Church of England Diocese of Leeds Airedale with Fryston

Eternal Investment

14 Nov 2020, 8 p.m.

Eternal Investment

When I worked at the library there was a popular self-help book called, “Feel the Fear and Do It Anyway”. Now, most of us don’t want to feel the fear at all. We’d prefer a comfortable existence, one without fear. But fear is part of life, it is a natural healthy reaction that can help keep us safe. Take fire for instance; a healthy fear of fire prevents us from being burned. However, being too fearful is not helpful, it can paralyse us and prevent us from taking any kind of risk. An unhealthy fear of fire prevents us from ever enjoying bread toasted in the old-fashioned way.

In today’s Gospel reading Jesus tells a parable - that is a story to illustrate an important point. It is story of risk and reward and the responsibility that comes with great gift - it is known as the parable of the talents. A talent was a unit of measurement for money in the ancient world. The modern value of a talent can slightly differ dependent upon how it is calculated, but one thing is clear, it was a lot of money. An amount of money that would take decades to earn, an amount of money an ordinary person would never hold in their hand.

So, before he goes on a journey to a faraway land, a man takes what is precious and valuable to him and entrusts three slaves with various amounts of talents. To the first slave the master gave five talents, to the second slave he gave two talents, and to the third slave he gave one talent. The first two slaves don’t waste any time and immediately go to work investing the money diligently and wisely. When the master returns, they show him the results, each of them has doubled the amount of talents he was given. The master is very pleased and their efforts are generously rewarded because they were responsive to their master’s expectations.

The third slave does something different with the one talent he is given by the master, he buries it in the ground to keep it safe. When the master returns, he gives it back thinking that he has faithfully done what the master wanted, but the master condemns him for being a wicked and lazy servant.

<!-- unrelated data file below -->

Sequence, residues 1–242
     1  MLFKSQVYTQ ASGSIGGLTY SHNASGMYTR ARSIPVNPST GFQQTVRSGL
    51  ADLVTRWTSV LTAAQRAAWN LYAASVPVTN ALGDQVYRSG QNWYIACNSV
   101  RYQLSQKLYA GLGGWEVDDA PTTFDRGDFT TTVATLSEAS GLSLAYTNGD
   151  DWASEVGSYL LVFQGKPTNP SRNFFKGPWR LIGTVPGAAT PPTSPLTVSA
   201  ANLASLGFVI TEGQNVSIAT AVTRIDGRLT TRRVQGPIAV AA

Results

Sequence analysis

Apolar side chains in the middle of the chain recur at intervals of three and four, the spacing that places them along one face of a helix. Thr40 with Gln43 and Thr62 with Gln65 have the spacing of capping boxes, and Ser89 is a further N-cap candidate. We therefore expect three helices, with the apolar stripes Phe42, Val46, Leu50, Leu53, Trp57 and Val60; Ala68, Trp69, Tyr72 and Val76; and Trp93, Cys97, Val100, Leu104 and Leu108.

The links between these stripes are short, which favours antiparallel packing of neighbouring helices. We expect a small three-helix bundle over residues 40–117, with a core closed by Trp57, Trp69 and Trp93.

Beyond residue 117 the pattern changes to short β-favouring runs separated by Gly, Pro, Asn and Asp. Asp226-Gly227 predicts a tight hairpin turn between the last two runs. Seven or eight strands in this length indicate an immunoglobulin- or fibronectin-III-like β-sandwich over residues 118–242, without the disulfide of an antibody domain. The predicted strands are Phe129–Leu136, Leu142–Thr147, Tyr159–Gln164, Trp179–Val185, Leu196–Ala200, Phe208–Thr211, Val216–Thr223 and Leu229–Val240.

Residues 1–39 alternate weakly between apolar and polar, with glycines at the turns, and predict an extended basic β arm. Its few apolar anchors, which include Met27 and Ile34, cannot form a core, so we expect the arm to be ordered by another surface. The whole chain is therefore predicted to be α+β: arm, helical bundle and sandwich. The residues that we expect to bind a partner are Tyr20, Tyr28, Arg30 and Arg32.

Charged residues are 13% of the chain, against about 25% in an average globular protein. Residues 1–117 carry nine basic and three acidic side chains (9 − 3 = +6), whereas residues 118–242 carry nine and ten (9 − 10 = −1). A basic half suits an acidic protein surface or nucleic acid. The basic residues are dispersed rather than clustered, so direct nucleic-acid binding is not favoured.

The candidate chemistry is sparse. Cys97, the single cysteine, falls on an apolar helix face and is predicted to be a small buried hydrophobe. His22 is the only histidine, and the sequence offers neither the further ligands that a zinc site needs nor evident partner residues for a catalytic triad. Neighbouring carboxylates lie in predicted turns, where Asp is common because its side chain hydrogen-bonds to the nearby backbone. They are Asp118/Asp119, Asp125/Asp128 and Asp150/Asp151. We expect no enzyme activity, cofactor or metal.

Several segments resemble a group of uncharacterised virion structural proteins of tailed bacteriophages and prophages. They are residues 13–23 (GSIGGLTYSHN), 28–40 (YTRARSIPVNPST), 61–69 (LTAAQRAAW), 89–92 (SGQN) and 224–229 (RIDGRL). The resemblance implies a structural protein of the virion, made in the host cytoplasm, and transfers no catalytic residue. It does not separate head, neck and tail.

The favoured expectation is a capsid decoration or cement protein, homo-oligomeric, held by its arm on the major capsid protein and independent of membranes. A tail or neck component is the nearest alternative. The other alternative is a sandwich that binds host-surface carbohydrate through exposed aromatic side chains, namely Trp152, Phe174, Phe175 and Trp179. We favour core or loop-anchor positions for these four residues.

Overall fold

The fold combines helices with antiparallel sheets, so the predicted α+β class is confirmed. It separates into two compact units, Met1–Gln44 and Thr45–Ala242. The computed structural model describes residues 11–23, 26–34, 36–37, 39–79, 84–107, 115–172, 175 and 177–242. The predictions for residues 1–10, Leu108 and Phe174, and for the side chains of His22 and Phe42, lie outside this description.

I want you to notice the reason this slave gave for burying his talent. The servant said “I was afraid, and I went and hid your talent in the ground. Here you have what is yours.” (Matt 25:25 NRSV). Rather than facing his fears and taking a risk, he risked nothing. He took what was entrusted to him and hid it, he buried the talent. Okay it was safe but there was no potential for gain.

God has entrusted to us, all of us, something that is valuable and precious, the Gospel message, and at the heart of the message is love. God created our world out of love and for love. God has invested an immense amount of love in us through Jesus’ life and ministry, his death and resurrection.

What is God looking for in return for his investment? Well when we meet Jesus face to face it would be a mistake to have the attitude of the third slave “Here have what is yours. Here’s your gospel, the message of your love, I have kept it safe I haven’t used it to transform my life or the lives of others. I did not want to take a risk, so here it is, perfectly safe and undamaged.”

As God’s children we are not entrusted with the gospel message to keep it safe and then return it unused. The return God expects is not anything we cannot give or do, but it does involve risk - the return God expects from us is to invest his great treasure, the gospel, the good news of Jesus’ life, death and resurrection.

What does an investment in the gospel look like? It means being transformed ourselves and living out our faith, not just on Sundays, but every day of the week. Showing the world the difference that following Jesus makes in the way we live our lives and telling people about the ways God has transformed us. It means using the gospel message of love to transform the world, choosing to love and to tell of God’s love. Telling of God’s love, telling our story, saying “I love you”, seeking or giving forgiveness is a risky business. Choosing love and living out the Gospel can seem scary. But we need to feel the fear and do it anyway.

So, don’t let fear take over. Don’t worry about the return our investment of God’s love will bring, that’s God’s business. Do the loving and the telling and through his grace God will do the rest. Take some risks for love!

And if you haven’t tried bread toasted over an open fire, give it a go. But make sure you use a long-handled fork!